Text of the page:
Hosted by Scott Ertz and Avram Piltch, F5 Live is a livecast covering the worlds of gadgets, gaming, Internet and media.
The market for kids' wearables is growing and myriad. Every year at CES we encounter at least one company showing off a wearable device that is designed to make kids safer and parents more at ease. Usually they are shaped like a watch, but not all of them offer screens. Most allow a parent to track the child via GPS, some allow parents to communicate with their kids, and some allow parents to listen in on their kids.
This last feature, while uncommon here in the US, has raised concern in Germany. While some helicopter parents have begun listening in on their kids' teachers, the government worries that it could be taken one step farther: espionage. Yes, that's right - the German government is worried about people listening in on all of the top-secret meetings that 8-year-olds are taking.
In reality, the concerns over privacy with these types of devices is legitimate. Several models of these watches, and other IoT transmitters, have been found to transmit and store data unencrypted. This means, especially in the case of children, that it could become really easy to track a child's location or listen to a child's environment, without anyone being the wiser. If the child in question is the kid of a public figure, tracking the child could be like tracking the parent, creating a double security threat.
In addition to banning the sale of these products, the government has encouraged parents to take them from their kids and destroy them. This might be an extreme reaction to a hypothetical problem. In fact, it seems that, rather than banning the devices entirely, perhaps regulations to ensure the safety and security of the data, and the wearer, might make for a better plan. The privacy issues are not limited to kids' smartwatches - in fact they are potentially ever-present in all IoT devices, including adult watches.
Data security is the real topic here, not kids' smartwatches in particular. As a whole, we need to encourage manufacturers of IoT devices to pay more attention to what they are doing, and to respect the privacy of the people who buy their products, not to demonize a single aspect of the industry.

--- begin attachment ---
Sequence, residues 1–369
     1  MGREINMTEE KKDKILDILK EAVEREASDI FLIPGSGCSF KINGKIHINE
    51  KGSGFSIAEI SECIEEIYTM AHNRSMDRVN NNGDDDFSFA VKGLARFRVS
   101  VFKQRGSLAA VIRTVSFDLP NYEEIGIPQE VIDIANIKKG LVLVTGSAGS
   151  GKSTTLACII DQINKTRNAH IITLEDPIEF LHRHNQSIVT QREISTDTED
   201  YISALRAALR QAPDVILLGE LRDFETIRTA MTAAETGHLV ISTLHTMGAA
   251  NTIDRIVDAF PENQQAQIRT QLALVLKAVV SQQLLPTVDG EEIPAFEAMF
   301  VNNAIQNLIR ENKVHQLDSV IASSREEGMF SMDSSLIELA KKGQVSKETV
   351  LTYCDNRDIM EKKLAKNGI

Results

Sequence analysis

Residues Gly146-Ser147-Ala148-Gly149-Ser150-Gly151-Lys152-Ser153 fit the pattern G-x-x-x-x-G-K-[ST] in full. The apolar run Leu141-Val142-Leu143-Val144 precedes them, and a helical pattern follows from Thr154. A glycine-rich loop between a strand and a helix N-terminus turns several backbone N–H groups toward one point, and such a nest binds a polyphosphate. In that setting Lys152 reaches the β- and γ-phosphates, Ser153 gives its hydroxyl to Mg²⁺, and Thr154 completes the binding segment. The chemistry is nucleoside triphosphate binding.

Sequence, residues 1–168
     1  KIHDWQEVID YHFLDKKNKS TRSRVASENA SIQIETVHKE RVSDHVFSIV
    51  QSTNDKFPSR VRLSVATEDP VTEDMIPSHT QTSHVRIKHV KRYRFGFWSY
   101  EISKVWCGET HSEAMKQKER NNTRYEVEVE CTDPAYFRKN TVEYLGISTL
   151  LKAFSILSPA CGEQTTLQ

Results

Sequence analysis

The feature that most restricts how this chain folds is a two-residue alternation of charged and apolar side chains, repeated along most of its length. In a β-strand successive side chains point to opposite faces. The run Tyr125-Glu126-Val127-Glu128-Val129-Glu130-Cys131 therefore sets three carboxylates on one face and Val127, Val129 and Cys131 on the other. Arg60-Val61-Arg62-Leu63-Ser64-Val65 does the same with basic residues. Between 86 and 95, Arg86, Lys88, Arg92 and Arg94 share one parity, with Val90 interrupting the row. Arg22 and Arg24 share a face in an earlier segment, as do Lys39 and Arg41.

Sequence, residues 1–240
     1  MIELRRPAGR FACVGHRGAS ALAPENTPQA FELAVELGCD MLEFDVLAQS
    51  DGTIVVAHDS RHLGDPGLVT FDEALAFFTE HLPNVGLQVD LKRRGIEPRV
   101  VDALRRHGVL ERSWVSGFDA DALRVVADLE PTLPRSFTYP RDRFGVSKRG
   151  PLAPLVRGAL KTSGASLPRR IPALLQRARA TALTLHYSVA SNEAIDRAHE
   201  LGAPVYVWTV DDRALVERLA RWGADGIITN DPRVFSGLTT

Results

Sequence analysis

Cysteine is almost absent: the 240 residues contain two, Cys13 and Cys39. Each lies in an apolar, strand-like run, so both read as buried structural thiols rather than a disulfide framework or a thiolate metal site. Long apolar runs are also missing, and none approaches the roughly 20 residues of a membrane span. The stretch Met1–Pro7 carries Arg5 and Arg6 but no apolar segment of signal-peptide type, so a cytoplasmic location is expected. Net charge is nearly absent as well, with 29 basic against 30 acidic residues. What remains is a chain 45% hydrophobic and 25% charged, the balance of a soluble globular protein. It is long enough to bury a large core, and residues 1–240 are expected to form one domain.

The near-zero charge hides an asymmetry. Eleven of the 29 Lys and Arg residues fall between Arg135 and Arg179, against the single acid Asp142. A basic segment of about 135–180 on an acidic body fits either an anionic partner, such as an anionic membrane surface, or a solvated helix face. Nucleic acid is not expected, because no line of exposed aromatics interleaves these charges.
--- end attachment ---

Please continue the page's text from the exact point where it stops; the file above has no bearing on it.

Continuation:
This week, EA actually listens to gamers, DJI doesn't respect bug bounty reports and Amazon brings more to the Lord of the Rings universe.
This week, Avram Piltch helps you prepare for Black Friday, which has expanded into a whole season, with deals over the next couple of weeks. Those deals can be overwhelming, with mass hysteria generated over televisions, laptops and more. Avram recommends making a plan by deciding what it is you are looking for, and what price would constitute a deal, and not jumping in just because something seems like a good price.
In addition, he shows off a new laptop he reviewed this week, the Acer Spin 1. This inexpensive laptop has an aluminum case and a screen better than some laptops triple its price, but it is powered by a Celeron processor. Who is it good for, and should you consider it? Avram's got the answer.
Bring the party wherever you go with the iBT84 Bluetooth speaker with speakerphone. Stream music wirelessly from your Bluetooth-enabled device. Enjoy your music without missing a call. Aux-in jack to play audio from any device equipped with a headphone jack. Two stereo drivers for rich, detailed sound. Color changing mode for fun, fabulous color effects which can be controlled via free app. Operates on internal rechargeable battery, charges via included USB charging cable. USB port to charge mobile devices.
Discover the benefits of a seamless cross-device Windows 10 experience in a precision crafted package. With refined performance and premium design, the Lumia 650 is the smart choice for your business. Experience a crisp and bright viewing experience, even in direct sunlight, with a super sharp 5" HD OLED display that sits elegantly in a precision crafted, diamond cut metal frame. With lightweight design, a thin 6.9mm profile and up to 16 GB of internal memory, the Lumia 650 has the perfect combination of premium looks and performance-driven features.